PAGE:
It’s dead! Administration officials said they’d successfully squashed the software bug responsible for many of the problems on Healthcare.gov, the troubled federal website that was supposed to be the centerpiece of the Affordable Care Act.
The White House said more than 750,000 visited the federal website before 6 pm ET on Monday alone, and the fix appeared to hold up well under the heavy traffic.
The Health and Human Services Department plans to release data in mid-December with the number of people that successfully signed up so far.
The glitch-ridden rollout caused headaches for consumers who tried to sign up, and humiliation for President Obama. Julie Bataille, spokeswoman for the Centers for Medicare and Medicaid Services, confirmed on Monday that developers identified and resolved a technical glitch causing nearly 80% of errors with 834 transaction forms which provide key info about applicants’ identities. The broken feature prevented insurers from receiving accurate enrollment data.
“The bottom line is that we have fixed many of the bugs that led to the 834 issues,” said Bataille.
CMS declined to elaborate on the specific number of users who ran into this problem and advised applicants to contact their providers to double check that payments have been received.
The agency said they’re also making their own calls directly to consumers who enrolled, ensuring they take all necessary steps so coverage kicks in.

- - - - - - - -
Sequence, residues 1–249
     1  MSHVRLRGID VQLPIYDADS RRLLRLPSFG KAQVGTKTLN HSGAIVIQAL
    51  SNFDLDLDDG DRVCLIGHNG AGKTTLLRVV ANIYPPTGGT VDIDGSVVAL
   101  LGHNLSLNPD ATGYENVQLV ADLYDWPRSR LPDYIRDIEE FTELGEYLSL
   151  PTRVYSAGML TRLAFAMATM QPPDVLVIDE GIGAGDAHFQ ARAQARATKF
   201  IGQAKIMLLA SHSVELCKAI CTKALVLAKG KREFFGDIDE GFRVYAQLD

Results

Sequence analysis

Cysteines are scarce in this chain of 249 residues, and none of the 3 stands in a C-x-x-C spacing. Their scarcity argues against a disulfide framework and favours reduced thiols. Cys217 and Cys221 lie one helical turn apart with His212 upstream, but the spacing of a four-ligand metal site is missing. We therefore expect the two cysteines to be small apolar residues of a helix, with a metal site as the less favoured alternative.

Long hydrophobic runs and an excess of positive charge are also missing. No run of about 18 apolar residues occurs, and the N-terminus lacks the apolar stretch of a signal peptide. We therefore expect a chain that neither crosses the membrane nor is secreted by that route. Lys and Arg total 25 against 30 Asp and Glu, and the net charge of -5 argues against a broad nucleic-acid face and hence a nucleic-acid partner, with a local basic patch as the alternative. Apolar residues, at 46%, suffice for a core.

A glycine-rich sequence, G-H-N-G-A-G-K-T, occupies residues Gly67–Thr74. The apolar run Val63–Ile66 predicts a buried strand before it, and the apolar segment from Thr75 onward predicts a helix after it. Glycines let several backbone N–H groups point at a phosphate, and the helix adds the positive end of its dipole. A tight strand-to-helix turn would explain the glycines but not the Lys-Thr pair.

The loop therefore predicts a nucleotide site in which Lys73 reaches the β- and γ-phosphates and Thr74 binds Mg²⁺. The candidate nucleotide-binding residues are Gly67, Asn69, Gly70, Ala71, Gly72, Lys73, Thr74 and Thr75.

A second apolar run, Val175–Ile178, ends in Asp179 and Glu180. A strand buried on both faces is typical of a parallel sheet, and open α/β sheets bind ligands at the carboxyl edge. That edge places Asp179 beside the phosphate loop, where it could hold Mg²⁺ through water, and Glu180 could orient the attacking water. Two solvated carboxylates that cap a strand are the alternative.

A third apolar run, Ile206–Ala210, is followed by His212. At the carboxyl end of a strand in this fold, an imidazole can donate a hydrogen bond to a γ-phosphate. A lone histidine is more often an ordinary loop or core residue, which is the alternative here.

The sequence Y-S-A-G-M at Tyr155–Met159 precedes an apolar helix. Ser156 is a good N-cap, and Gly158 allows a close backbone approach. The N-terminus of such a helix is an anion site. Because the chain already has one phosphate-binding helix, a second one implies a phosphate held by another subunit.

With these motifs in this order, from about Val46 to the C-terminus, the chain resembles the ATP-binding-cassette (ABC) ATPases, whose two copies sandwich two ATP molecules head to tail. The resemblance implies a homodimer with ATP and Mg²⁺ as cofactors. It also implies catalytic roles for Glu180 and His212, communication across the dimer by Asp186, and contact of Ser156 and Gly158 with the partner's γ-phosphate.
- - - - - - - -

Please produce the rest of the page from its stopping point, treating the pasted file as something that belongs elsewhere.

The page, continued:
A CMS progress report released Sunday said, “While we strive to innovate and improve our outreach and systems for reaching consumers, we believe we have met the goal of having a system that will work smoothly for the vast majority of users.” The Obama administration gave itself a deadline of December 1 to overhaul the system.
According to administration officials, Healthcare.gov now operates correctly about 90% of the time – a vast improvement from its shaky start.
NBC News reported 100,000 Americans successfully purchased coverage through the federal exchange website during the month of November. That’s up significantly from October, when only an estimated 27,000 enrolled.
A mad dash of sign-ups could come in the next three weeks, as consumers have until Dec. 23 to get signed up for coverage that starts January 1, 2014. Enrollment will continue through March, but the coverage for those people would start later.